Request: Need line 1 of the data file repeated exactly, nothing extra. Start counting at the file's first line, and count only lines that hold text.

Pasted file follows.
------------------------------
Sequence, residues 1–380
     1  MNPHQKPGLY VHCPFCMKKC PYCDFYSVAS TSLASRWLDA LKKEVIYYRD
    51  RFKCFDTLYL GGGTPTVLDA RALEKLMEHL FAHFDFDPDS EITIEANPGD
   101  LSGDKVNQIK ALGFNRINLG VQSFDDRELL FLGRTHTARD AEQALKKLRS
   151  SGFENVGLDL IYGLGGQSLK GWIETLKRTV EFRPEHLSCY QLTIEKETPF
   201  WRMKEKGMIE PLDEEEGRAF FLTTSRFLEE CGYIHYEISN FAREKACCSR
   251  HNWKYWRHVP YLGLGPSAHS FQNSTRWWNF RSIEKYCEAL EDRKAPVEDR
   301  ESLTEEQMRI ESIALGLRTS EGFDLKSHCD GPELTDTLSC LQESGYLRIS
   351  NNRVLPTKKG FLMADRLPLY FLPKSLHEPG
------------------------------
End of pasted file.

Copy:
Sequence, residues 1–380